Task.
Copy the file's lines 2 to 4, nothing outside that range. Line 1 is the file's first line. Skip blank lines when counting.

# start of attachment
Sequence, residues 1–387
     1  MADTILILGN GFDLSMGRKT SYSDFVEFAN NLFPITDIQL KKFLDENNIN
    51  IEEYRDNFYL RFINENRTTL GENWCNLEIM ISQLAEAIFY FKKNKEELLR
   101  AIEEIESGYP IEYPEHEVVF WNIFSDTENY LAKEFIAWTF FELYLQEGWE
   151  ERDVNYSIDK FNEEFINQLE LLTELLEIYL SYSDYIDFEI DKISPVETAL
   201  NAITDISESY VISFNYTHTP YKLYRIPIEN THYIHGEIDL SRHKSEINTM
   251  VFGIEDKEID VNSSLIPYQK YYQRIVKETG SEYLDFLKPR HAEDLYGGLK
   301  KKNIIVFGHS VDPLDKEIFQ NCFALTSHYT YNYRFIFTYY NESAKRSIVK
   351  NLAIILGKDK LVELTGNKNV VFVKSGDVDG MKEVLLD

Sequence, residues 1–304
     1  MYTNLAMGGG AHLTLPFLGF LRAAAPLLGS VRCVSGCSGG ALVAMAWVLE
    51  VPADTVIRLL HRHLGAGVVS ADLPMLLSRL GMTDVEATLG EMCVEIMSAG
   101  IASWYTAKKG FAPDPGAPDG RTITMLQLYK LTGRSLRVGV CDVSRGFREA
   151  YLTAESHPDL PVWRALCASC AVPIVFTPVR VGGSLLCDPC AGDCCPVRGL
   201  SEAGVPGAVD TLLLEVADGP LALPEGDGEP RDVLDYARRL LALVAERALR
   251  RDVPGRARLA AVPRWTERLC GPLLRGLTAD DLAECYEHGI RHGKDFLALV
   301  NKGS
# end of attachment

     1  MADTILILGN GFDLSMGRKT SYSDFVEFAN NLFPITDIQL KKFLDENNIN
    51  IEEYRDNFYL RFINENRTTL GENWCNLEIM ISQLAEAIFY FKKNKEELLR
   101  AIEEIESGYP IEYPEHEVVF WNIFSDTENY LAKEFIAWTF FELYLQEGWE